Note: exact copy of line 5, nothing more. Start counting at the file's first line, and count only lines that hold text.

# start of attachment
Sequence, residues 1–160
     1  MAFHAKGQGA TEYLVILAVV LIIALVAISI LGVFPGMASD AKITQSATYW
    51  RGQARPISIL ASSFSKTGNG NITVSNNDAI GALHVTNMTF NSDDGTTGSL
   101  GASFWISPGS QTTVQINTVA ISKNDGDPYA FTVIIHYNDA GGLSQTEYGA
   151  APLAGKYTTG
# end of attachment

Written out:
   151  APLAGKYTTG